The shape-shifting veteran Jeff Parker crafts a beautiful soundscape pitched between tradition and futurism, modal jazz and digital glitch in new album Suite for Max Brown.
Over a fascinating, boundary-straddling career with the likes of post-rock gods Tortoise, Isotope 217, Tricolor, the Chicago Underground Quartet as well as countless dates as a sideman and collaborator, the Connecticut-born, LA-residing composer, bandleader and multi-instrumentalist Jeff Parker has occupied an enviable position in the firmament of alternative music; equally comfortable with cerebral improvisation, golden era bop and low-slung, Brainfeeder-styled, beat-driven R’n’B experiments.
On his latest recording, Suite For Max Brown, Parker reunites with and adds to the team responsible for his 2016 album, The New Breed. Assisted by Paul Bryan on bass, Josh Johnson on alto sax and piano, cellist Katinka Klejin, Jamire Williams on drums, trumpeters Nate Walcott and Rob Mazurek, percussionist Jay Bellerose and drummer Makaya McCraven, Parker effortlessly and seamlessly dips into chugging, J Dilla and Madlib-inspired sample sorcery and sun-baked angular jazz whilst employing electric guitar, electric piano, Mellotron, Korg synthesiser and samplers as well as drum programming. It’s a place where tradition rubs up against technology, improvisation is juxtaposed with composition and groove integrates with texture.
Whilst The New Breed tapped into this intriguing synthesis of past-meets-future, Suite For Max Brown not only consolidates but reframes the heady experimentation: the musical tapestry here is elegantly stitched together with a warm brio and an unflashy purpose, bristling with personality and shifting inconspicuously between tempos and styles.
Whilst his clean, precise and on-point guitar is prevalent and a distinct highlight (frequently treated as a shimmer of wind rather than a sheet of sound and never as an excuse to ‘peacock’), the bandleader and arranger plumps for a graceful, multi-generational and stereo-panning soundscape disparate in colour and infused with the soulful swing of jazz as well as the digital boom-bap of sequenced hip-hop and R’n’B.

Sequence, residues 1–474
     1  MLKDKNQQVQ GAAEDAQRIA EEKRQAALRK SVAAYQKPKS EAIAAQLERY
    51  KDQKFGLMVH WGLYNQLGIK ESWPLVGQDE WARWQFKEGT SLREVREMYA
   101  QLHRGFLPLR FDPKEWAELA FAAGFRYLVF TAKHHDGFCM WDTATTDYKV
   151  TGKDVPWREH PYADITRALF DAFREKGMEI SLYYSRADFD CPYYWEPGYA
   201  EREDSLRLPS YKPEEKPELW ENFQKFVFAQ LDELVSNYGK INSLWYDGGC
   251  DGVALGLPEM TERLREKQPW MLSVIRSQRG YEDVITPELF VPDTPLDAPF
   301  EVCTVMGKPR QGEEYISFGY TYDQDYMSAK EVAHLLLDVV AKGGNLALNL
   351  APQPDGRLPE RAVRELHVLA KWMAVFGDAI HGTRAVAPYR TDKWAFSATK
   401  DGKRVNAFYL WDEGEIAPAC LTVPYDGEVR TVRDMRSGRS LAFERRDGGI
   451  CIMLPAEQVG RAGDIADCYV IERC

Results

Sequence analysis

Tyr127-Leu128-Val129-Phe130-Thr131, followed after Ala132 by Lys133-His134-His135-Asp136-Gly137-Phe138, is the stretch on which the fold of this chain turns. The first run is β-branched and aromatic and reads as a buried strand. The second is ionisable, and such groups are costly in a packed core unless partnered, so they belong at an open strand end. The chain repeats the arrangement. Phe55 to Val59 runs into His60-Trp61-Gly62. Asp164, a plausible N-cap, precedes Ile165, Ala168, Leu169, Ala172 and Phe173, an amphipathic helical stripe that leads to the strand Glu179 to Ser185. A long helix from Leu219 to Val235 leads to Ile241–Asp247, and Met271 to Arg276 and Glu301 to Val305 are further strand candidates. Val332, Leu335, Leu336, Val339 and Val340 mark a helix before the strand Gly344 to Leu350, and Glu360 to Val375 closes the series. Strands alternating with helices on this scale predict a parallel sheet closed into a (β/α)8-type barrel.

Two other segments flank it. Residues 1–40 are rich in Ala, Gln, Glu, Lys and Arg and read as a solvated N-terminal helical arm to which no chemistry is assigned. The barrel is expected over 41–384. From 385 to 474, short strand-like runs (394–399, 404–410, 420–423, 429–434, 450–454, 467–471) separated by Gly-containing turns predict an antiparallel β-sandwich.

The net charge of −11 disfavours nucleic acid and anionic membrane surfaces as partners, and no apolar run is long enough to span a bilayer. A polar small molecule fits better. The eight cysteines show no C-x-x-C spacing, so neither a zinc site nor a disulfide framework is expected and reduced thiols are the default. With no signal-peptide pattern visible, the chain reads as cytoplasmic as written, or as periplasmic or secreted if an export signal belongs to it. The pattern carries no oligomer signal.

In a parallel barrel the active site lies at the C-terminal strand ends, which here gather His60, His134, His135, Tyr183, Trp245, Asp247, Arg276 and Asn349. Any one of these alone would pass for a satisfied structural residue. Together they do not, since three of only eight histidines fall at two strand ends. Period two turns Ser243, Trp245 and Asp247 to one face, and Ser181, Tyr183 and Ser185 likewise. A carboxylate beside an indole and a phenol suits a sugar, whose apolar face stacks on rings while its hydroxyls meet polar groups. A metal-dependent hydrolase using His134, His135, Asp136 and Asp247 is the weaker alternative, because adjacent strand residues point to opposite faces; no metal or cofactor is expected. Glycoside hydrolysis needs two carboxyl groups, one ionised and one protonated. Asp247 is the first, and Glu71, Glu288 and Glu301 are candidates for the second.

Suite For Max Brown (the sepia-tinged cover photo pays homage to his titular mother) occupies an informal, relaxed position akin to a DJ mix, where touchstones like John Coltrane’s After The Rain and Joe Henderson’s Black Narcissus and formal jazz pieces like 3 For L share studio time with the IDM-indebted whoosh, clutter and whirl of Build A Nest, Fusion Swirl, Lydian and C’mon Now; each segment and experiment hangs together, is equally invigorating and meaningful.
The lengthy and affecting centrepiece, Max Brown, brings everything together in a bubbling cauldron of adventure and serenity; here the sweep of ideas and hand-crafted melancholy recall the impressionistic haze of Madlib’s Yesterday’s New Quintet project and the languid reveries of The Abstract Orchestra’s tribute to Dilla.
By woozily stretching the stylistic parameters and conventions of jazz, Parker’s evolving mastery of the form and his protean creativity continue to sprinkle magic dust and induce awe in the listener.